"Well, it's not any hidden fact that I'm an outgoing person, I love talking to people, starting relationships with people," he reflects. "This is a perfect opportunity for me to do so and make sure that I got the job done with the recruiting class. I kind of took on the leadership role when I verbally committed to Stanford. I knew that it just had to be done and that there had to be someone to take the bull by the horns and get this class on a roll. So I make sure that I talk to everybody at least once a day. And that's everybody, including recruits, commits, coaches, everybody, because that's the only way you'll get to know them as a person, get to know everything about them, and get updates on everything to stay in the loop. And it just makes me feel good when I read articles and the first thing they say about relationships and talking to people is my name. It just makes me feel really connected and really important to this recruiting class. And I'm not gonna stop. I'm never going to... when it comes to getting this recruiting class in the top 10 because that's been my goal since the beginning. I think we have a great shot. We have a big recruiting weekend coming up [in January] and that's going to be absolutely phenomenal because it's not only our commits there, it's going to be, as of right now, I think, 12 prospects that are uncommitted that are still going. So it's going to be phenomenal."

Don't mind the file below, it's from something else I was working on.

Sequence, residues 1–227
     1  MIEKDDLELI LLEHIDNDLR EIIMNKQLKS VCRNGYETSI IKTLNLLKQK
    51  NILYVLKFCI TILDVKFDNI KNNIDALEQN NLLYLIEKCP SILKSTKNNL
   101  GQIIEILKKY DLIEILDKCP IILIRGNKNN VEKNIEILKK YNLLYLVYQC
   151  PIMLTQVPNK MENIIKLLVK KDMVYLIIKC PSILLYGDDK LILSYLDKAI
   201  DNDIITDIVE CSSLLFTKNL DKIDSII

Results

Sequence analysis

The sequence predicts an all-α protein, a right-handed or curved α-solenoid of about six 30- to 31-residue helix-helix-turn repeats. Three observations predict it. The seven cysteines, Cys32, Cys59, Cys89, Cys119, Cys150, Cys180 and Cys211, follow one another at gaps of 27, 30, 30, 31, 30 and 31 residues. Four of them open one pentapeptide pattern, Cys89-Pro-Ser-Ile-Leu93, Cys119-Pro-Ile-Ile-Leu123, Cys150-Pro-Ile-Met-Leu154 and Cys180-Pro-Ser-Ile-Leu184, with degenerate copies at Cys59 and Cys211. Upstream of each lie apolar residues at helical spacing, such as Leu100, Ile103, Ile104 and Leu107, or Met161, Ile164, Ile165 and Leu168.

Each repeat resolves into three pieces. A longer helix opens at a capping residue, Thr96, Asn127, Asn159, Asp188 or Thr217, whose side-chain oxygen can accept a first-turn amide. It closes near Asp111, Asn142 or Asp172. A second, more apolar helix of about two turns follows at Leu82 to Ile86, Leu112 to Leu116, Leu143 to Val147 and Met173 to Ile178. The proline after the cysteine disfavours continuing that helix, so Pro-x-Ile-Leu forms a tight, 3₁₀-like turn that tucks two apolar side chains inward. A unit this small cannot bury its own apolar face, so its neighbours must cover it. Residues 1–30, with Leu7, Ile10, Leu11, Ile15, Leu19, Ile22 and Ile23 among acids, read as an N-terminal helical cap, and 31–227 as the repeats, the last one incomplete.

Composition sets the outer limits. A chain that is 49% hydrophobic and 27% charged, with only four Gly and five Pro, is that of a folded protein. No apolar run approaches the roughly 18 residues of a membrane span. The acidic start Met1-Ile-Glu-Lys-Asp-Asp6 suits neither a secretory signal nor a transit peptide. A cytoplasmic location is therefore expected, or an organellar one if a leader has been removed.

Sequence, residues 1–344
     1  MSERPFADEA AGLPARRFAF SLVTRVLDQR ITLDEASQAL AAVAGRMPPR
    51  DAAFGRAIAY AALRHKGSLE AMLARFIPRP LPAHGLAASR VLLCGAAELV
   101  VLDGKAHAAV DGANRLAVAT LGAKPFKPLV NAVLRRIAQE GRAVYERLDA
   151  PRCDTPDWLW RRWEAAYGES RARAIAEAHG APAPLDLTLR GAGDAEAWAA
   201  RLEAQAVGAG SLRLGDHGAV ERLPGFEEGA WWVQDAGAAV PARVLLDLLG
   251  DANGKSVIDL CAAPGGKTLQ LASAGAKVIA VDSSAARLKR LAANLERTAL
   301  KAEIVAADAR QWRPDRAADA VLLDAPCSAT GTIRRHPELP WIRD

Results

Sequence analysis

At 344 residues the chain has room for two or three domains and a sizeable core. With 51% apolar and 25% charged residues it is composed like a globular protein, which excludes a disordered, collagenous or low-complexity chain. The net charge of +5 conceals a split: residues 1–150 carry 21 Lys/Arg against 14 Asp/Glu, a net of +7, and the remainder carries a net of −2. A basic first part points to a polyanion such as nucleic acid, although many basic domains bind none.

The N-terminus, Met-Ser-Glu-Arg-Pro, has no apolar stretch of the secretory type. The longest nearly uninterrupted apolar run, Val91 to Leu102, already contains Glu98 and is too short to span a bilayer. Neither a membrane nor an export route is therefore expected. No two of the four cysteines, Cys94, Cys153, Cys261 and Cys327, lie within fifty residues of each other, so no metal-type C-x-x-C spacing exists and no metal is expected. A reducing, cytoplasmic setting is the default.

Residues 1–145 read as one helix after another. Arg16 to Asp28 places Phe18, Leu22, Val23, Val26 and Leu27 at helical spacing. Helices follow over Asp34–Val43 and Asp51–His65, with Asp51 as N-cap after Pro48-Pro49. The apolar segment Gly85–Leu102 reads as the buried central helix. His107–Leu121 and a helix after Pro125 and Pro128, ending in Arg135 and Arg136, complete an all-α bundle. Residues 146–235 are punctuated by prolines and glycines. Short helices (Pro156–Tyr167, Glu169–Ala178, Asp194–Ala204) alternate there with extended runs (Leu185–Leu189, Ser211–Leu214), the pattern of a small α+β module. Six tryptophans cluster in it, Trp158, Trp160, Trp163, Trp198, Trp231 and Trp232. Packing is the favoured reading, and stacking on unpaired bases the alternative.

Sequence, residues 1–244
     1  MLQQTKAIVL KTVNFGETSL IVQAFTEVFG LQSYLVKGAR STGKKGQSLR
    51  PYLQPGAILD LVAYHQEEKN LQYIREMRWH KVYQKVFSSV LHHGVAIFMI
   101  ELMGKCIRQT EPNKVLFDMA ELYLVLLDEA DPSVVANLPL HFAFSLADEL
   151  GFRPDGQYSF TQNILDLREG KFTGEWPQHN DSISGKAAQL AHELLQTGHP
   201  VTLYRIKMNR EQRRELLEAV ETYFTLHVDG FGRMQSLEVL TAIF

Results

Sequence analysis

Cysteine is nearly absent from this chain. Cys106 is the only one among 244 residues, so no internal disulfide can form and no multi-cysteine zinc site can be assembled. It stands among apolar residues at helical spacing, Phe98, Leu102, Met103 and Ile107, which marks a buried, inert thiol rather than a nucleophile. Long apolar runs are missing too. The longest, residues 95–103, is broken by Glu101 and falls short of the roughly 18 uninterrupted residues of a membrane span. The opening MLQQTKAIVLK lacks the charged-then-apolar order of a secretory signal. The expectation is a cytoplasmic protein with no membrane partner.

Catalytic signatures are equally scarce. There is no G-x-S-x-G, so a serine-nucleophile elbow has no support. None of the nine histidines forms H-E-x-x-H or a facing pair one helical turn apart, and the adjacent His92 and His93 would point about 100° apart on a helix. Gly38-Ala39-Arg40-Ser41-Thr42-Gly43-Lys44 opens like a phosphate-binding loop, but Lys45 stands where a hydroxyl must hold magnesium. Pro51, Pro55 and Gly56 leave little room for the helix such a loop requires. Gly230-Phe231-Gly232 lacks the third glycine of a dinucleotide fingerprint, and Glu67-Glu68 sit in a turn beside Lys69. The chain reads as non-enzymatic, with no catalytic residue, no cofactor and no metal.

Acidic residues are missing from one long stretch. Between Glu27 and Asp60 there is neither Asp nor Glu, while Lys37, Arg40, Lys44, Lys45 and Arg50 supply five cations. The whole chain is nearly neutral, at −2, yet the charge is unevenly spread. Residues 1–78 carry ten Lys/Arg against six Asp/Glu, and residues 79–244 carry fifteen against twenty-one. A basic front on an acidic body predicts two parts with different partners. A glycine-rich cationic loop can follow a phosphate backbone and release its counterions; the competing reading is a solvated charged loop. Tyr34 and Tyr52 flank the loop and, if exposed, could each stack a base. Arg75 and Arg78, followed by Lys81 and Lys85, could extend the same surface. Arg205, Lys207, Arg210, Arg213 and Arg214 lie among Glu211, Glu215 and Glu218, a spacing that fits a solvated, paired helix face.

Notably, Stephens' palpable excitement regarding the recruiting class he is helping build around him comes in the context of a larger vision for what it means for Stanford Football and his own career. That vision is bigger than any single recruit and provides insight into Stephens' priorities and view of what makes a successful football team.